Travel nurses must remain on a budget to avoid spending their hard-earned money.

It includes non-covered room and board costs, expensive meals, and unexpected travel costs that the travel agency/hospital does not cover.

In other words, agencies won’t reimburse upgrades, extra amenities, or personal expenses unless negotiated beforehand.

Moreover, some assignments pay for standard travel and housing costs upfront, while others reimburse travel expenses.

For assignments that provide travel reimbursement, it’s crucial to pick a place and rental vehicle within budget.

It protects you from spending your income on non-negotiated costs, upgrades, or other expenses.

With that said, some travel nurses prefer a housing stipend if they can find affordable accommodations.

It’s because nurses can pocket the extra money for personal use!

Reimbursement may require keeping detailed receipts of everything you’ve purchased.

Pick the appropriate assignments and complete negotiations before accepting the position if you prefer room and board and travel expenses covered.

3. Less Familiarity/Stability With Work Locations

Travel nurses must adapt to new environments, people, and situations.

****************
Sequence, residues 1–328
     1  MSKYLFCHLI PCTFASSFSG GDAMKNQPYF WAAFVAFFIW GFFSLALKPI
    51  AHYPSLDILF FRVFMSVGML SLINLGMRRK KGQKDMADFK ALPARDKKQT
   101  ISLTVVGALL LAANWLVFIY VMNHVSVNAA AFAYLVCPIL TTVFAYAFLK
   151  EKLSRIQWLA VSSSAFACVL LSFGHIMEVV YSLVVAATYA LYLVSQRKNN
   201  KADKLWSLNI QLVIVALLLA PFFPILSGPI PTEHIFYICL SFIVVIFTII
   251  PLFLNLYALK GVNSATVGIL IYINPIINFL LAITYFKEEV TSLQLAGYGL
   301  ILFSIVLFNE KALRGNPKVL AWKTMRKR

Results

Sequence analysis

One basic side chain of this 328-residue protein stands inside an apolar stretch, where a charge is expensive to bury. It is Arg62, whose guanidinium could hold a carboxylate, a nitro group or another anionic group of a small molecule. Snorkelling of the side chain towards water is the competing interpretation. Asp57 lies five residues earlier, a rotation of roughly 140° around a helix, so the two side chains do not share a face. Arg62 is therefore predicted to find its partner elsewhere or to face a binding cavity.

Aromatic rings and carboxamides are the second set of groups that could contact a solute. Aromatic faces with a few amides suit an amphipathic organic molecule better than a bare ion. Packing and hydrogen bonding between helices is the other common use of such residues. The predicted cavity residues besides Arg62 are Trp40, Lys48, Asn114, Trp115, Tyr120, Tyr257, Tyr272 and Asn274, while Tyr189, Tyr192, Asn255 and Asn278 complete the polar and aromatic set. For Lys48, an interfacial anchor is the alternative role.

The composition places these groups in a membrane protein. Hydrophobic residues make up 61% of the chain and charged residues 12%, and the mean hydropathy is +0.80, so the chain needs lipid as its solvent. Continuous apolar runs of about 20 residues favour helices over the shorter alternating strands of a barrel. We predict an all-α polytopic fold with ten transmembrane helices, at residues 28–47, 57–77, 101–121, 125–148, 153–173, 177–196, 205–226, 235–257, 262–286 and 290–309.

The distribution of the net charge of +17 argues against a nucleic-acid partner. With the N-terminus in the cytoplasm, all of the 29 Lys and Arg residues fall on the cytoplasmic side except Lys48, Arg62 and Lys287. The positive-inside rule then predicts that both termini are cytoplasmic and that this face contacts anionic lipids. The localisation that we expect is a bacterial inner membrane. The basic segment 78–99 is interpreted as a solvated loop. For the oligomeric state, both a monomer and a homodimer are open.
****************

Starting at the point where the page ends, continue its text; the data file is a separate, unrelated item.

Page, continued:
For those who aren’t extroverted or enjoy familiarity, traveling nursing isn’t as stable as working at a local hospital or clinic.

Travel nurses work on assignments lasting a few weeks to a few months.

Unfortunately, this provides little time to get familiar with your new environment and connect deeply with others.

Although some nurses prefer to stay on the move and avoid workplace politics, it’s much harder for nurses to develop a regular daily routine or establish lasting connections if they’re always traveling.

4. Suitcase Lifestyle

Not everyone is a fan of constantly moving, packing their bags, and leaving home.

Travel nursing is more than simply going to a new location for a few weeks or months.

It requires nurses to pack only their essentials and leave their home comforts.

If you love your home/apartment, car, and the local restaurants and entertainment in your town, you’ll have to leave them behind.